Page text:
So you’re pregnant, and you don’t want to get flu, but you also want to know that whatever goes into your body isn’t going to hurt your baby. Here’s info on H1N1 and the vaccine to help you make the best decision for you and your baby.

Is vaccination safe for pregnant women and their unborn babies?

Killed virus vaccines, such as the flu vaccines in shot form, are so safe that any risk to the unborn baby is nearly unmeasurable. FluMist, however, is live and cannot be given to pregnant women. (It can be given to other members of the family who are eligible to receive it.)

What about thimerosol?

As a pregnant woman, you can ask for a thimerosol-free vaccine, because providers are being directed to reserve thimerosol-free doses for pregnant women (and younger children) who are concerned about thimerosol. It should be noted that many studies conducted by independent bodies have shown that thimerosol does not pose any danger.

Should I get both the H1N1 and seasonal flu vaccines?

Pregnant women can get both vaccines. It’s recommended that you get each vaccine when it becomes available. The seasonal flu vaccine will be available sooner than the H1N1 vaccine, which should come out mid-October.

Should I wait until later my pregnancy to get vaccinated?

Pregnant women can receive the flu vaccines at any time during pregnancy, including the first trimester. In fact, it’s recommended that pregnant women receive the vaccine early on, since respiratory issues later in pregnancy can be more serious.

You can start the 2-dose H1N1 vaccination series during pregnancy and finish it after your baby is born. Babies ages 0-6 months cannot get the flu vaccine, so if the mother gets the vaccine during pregnancy, it can help protect her baby.

Other concerns…

The vaccine is safe for women planning on natural childbirth. Disease is a natural process, but so is building immunity.
Alternative/online education could be an option for pregnant teens enrolled in schools experiencing outbreaks (because teens are generally considered higher risk for H1N1 as it is). If you are a pregnant young adult attending college, you can continue attending even if cases of H1N1 are reported. You should definitely get vaccinated and wash your hands – a lot.

Patients receiving treatment for infertility can get the flu vaccines. There is zero evidence that flu vaccine harms development of the unborn baby’s brain.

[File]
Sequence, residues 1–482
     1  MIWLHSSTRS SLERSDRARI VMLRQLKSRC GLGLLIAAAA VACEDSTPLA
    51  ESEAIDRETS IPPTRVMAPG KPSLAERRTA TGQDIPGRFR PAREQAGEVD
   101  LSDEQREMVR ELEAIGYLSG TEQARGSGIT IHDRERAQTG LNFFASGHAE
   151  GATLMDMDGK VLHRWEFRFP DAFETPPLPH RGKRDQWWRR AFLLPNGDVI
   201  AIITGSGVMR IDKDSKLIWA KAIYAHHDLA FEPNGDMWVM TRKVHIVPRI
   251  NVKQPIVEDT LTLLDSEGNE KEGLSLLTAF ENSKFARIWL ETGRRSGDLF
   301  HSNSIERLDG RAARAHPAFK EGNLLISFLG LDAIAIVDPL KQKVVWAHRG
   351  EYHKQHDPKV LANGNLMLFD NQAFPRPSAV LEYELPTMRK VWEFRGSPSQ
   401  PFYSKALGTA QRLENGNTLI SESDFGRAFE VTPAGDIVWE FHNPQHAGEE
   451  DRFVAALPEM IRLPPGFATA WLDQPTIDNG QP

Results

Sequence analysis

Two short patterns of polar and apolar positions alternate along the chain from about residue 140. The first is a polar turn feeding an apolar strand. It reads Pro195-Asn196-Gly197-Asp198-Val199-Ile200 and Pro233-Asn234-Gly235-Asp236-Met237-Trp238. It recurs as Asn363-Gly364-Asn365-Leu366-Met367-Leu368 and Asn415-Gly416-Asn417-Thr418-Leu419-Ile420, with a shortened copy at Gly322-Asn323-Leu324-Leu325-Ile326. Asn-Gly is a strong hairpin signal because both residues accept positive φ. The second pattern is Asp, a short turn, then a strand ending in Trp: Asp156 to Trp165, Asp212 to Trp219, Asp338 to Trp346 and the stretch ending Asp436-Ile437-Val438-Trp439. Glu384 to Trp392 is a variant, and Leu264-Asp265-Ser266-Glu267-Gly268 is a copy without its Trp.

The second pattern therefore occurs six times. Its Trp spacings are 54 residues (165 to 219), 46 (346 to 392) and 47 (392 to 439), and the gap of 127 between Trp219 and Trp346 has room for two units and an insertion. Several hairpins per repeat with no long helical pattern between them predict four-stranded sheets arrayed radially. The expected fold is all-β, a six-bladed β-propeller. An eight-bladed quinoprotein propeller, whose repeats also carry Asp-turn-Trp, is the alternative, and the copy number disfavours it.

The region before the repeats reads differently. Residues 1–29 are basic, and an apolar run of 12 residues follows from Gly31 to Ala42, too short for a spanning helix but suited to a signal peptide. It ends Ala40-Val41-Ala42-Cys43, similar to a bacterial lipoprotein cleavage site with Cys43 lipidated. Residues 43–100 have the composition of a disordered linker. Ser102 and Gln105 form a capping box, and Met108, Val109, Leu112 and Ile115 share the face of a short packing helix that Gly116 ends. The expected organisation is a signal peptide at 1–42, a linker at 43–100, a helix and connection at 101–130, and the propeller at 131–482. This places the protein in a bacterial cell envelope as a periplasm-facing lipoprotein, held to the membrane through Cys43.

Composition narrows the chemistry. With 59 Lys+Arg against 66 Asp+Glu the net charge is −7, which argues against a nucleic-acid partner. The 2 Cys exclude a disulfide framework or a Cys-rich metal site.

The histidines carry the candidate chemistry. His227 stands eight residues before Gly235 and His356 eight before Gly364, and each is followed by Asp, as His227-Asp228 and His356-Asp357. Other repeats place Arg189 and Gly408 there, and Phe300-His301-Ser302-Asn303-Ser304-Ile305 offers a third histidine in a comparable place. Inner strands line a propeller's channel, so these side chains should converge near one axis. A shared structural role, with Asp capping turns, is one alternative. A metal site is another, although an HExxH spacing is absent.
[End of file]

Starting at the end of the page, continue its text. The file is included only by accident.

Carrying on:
Pregnant healthcare workers need the H1N1 vaccine. If the flu is very active around them, their job description may need to be adjusted.

What should I do if I’m pregnant and get exposed to H1N1?

If you are exposed to a KNOWN case of H1N1, tell your provider; you may need medication. If 5 kids in your child’s school have it, this is not the same as being directly exposed.

Check with your provider to see if immunization is right for you and your family.

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Handwashing Poster/Video Contest

1 09 2009

Handwashing

Global Handwashing Day will be here in a few weeks. We’re sponsoring a poster and video contest! (cheers in the background)

Poster Submissions: Email your original artwork to pkids@pkids.org by 15 September. The winner will get a $200USD gift certificate.

Video Submissions: Upload your video to YouTube and follow the submission guidelines below by 15 September. Videos should be short in length, like that of a commercial or PSA. The winner will get a $500USD gift certificate.

Goals

We want the poster and video to remind people that handwashing is an important method of disease prevention (get rid of germs before they get you), and with luck, the memory of the poster/video will stick with them next time they start to prepare food, leave the bathroom, finish playing outside, or do whatever it is they do to get germs on their hands. We want to stop disease transmission so people of all ages stay healthy.

Whatever your vision is of soap and water and clean hands, that’s what we want to see. Be funny, be serious, be esoteric, but most of all, be creative and original!

For the complete rules and guidelines, visit our contest page.





MRSA

25 02 2008

MRSA is in the news these days and it can be scary.  MRSA (Methicillin-resistant Staphylococcus aureus) is a bacterium that causes infections in and on the body.